Kashou said that he was inspired to succeed because of the environment of his childhood, in Ramallah under Israel’s military occupation.

“Coming from an atmosphere of apartheid and occupation, and plenty of hours of quarantine under military force, I think that is where at times dreams are born, from the darkest corners of life,” Kashou said.

“The dreams to become a designer came from the lack of childhood space, growing up among jeeps, soldiers, intimidation, violence and occupation. I think the subconscious choice of creativity and design kind of happened as a way of coping with a difficult reality which I lived and endured.”

Kashou studied design in the US and launched his fashion business producing evening wear.

Manal Saab, CEO of Sorensen Gross Construction Services based in Flint, Michigan, provides staffing services to a wide range of industries dominated by men, including automotive manufacturing and construction.

“As a woman in business, the bar has to be set much higher because unfortunately we live in a world where people see a woman, an immigrant, and someone with an accent and they ask, what can she bring to the table?” Saab explained.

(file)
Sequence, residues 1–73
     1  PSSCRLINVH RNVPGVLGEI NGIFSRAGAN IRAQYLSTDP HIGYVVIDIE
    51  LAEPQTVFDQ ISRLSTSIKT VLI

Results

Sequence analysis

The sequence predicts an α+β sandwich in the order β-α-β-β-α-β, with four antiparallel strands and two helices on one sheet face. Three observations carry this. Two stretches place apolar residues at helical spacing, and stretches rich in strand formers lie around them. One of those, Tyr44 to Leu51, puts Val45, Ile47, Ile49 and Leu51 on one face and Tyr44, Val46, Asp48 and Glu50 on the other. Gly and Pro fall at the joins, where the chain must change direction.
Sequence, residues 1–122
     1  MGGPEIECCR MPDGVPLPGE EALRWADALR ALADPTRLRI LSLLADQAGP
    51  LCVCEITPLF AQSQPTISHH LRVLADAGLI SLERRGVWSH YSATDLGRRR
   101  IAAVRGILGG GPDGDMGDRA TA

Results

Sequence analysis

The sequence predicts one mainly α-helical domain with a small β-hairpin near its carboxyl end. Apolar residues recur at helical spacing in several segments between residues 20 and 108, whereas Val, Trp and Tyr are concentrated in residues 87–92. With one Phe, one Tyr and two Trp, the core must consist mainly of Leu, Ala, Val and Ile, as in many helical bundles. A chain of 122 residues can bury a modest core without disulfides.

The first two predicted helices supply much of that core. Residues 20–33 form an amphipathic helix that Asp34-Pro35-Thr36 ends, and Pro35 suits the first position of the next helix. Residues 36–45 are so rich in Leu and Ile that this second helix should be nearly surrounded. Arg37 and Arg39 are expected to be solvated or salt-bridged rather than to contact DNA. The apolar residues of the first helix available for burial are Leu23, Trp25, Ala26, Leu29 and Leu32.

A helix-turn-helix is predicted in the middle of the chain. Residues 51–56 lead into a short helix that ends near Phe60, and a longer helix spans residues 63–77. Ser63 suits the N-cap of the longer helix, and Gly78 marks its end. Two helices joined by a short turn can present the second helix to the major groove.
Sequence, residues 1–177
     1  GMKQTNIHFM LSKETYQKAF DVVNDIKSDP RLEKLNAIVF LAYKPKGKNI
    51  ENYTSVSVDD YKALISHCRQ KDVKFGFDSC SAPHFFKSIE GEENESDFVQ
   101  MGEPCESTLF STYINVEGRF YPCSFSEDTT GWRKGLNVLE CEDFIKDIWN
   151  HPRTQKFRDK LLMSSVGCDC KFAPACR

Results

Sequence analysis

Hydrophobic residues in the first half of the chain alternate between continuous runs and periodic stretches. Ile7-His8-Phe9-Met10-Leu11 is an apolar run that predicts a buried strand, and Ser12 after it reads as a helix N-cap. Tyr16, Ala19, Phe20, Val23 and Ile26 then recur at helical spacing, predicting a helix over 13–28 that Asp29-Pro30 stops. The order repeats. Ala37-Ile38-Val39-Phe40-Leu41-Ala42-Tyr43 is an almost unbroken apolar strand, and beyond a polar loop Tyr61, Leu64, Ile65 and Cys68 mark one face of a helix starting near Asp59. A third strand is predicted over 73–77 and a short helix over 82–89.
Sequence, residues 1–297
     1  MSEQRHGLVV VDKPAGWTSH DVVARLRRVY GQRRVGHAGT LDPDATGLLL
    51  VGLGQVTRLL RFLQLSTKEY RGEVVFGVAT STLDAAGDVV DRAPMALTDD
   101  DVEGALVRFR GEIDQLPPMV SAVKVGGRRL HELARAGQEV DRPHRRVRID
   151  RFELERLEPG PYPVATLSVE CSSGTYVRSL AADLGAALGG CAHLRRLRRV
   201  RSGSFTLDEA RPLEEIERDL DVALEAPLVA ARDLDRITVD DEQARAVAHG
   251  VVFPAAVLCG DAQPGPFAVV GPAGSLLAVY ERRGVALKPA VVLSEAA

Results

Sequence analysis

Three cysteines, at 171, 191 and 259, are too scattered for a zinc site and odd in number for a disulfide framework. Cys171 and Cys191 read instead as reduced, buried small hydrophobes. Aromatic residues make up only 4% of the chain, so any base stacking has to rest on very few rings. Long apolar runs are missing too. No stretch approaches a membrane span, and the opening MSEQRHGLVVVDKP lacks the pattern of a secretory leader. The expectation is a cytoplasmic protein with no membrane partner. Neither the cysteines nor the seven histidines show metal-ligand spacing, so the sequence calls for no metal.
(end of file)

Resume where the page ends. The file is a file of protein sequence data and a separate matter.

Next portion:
“In everything I do I try to build bridges with others who are similar to me.”

Muthana said that being a woman in a male-driven business can be challenging, adding: “When I walk into a room in this industry, I am the only woman. I am the only brown person. And I am definitely the only hijabee.” 

She said she succeeds by defining her own core values and aligning herself with those who share them.

Samy Kobrosly, who co-founded Snacklins, is the son of Tunisian immigrants who settled in Iowa in the 1980s.

A former radio personality and chef, Samy Kobrosly was obsessed with the idea of a meat-free pork rind after joking with a friend about his inability to partake in the classic snack given his Muslim upbringing.

After rounds of experimentation, he landed on a simple recipe of yuca, mushrooms, and onions to create a crunchy, airy, 100 percent vegan and plant-based crisp that resembled a pork rind.